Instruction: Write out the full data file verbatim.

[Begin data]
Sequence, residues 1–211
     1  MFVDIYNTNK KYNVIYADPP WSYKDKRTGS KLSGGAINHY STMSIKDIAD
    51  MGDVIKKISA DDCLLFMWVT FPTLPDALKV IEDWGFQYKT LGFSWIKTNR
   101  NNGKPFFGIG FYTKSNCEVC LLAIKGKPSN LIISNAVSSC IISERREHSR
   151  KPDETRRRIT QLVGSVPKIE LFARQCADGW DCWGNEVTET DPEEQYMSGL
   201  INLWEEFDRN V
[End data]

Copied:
Sequence, residues 1–211
     1  MFVDIYNTNK KYNVIYADPP WSYKDKRTGS KLSGGAINHY STMSIKDIAD
    51  MGDVIKKISA DDCLLFMWVT FPTLPDALKV IEDWGFQYKT LGFSWIKTNR
   101  NNGKPFFGIG FYTKSNCEVC LLAIKGKPSN LIISNAVSSC IISERREHSR
   151  KPDETRRRIT QLVGSVPKIE LFARQCADGW DCWGNEVTET DPEEQYMSGL
   201  INLWEEFDRN V